There is a special pleasure that comes from riding in the predawn darkness, quietly collecting a book and warm clothes, and secreting oneself to a dark room of the house to read until daybreak. The still world is broken only by the occasional call of a forlorn owl in the woods behind the house, and the periodic cycling of the water filter in the fridge.
This morning’s reading was the short fiction from Tolkien, “Smith of Wootton Major.” I’ve known of this book for as long as I can remember – as a little boy growing up in our yellow aluminum house in Fort Wayne, Indiana, I used to look at the rows and rows of books on the black shelves filling the corner of our modest living room. Quite the random collection of works were fostered there! Thin paperbacks like “The Ox-Bow Incident” stood quietly beside the many works of such modern Christian writers as Bonhoeffer and Packer, or a thick copy of Foxe’s Book of Martyrs, or little known books on discipleship, or family, or psychology. I think the lack of fiction on these bricks and boards always gave the rate example an especial fascination to me. And one such book, long looked at but never read, was this “Smith.” I still marvel that somehow this book came to be among the chosen texts, while “The Hobbit” and Lord of the Rings did not.
What prompted the reading selection this morning was, some might say, just as random as the family library of my youth. Yesterday (for we are at early hours now) the New York pastor Timothy Keller passed away. Asking the many kinds and generous comments posted online in remember of his life and service, one included a brief reflection of Keller’s on Tolkien’s “Leaf by Niggle” – referencing how Niggle imagines a large and lovely tree but in his lifetime is only able to, by art and craftsmanship, produce the replica of a single lead of this tree in all his living years. Yet when he dies, Niggle finds the whole Tree of his imagination already exists in the heavenly places, full and lush and beautiful and grand. Keller exalted this image of life and afterlife.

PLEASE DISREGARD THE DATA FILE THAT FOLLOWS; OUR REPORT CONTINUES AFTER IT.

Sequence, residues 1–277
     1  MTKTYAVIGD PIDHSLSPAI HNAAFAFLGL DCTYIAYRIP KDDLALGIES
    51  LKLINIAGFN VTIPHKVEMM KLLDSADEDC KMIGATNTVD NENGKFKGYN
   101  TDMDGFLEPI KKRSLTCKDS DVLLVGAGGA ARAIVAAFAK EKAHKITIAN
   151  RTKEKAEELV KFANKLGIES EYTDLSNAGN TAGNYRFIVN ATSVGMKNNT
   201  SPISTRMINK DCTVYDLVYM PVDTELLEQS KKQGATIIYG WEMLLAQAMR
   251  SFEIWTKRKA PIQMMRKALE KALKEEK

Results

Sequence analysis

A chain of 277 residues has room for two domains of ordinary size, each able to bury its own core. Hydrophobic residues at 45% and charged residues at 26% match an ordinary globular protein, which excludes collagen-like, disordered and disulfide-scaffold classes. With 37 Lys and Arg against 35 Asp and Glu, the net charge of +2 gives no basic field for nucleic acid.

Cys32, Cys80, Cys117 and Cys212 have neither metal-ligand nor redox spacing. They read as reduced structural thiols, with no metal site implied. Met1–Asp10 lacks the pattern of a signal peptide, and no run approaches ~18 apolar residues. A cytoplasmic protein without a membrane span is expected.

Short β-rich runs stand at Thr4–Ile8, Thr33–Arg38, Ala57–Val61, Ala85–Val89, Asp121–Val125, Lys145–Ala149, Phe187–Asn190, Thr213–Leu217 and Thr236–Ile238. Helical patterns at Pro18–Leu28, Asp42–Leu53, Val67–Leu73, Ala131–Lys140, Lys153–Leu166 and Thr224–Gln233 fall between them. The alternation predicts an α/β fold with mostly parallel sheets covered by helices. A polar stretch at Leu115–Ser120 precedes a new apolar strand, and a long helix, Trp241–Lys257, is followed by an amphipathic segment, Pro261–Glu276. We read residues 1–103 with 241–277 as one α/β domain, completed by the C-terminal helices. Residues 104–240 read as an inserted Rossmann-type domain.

Having read this quote, I was inclined to read “Leaf” in full, thinking I had a copy of it somewhere here in my own library. But looking through the Lewis-Chesterton-Macdonald-Tolkien stacks, I realised that I don’t have a copy of “Leaf” after all: only the major works from Tolkien, along with the small, pretty hardcover copy of “Mr Bliss” given me for my birthday by Will Dragoo (founder of our Dufflepud cohort) and, yes, the old paperback copy of “Smith” pilfered from my parents’ collection now many years ago.
Perhaps sometime I will share my own reflections on this other work of Tolkien’s, and how the land of fairy to him was something which defied the simple, saccharine connotations so many others give to fairies – being instead a place of great peril for the common, mortal man, full of fayery (fay connoting magical activity) that Matty terrorise and transform without explanation or logic. But now the bird song increases, the outlines of the windows begin to glow faintly, and dawn is approaching. The fairyland wandering of early rising recedes into the familiar morning light.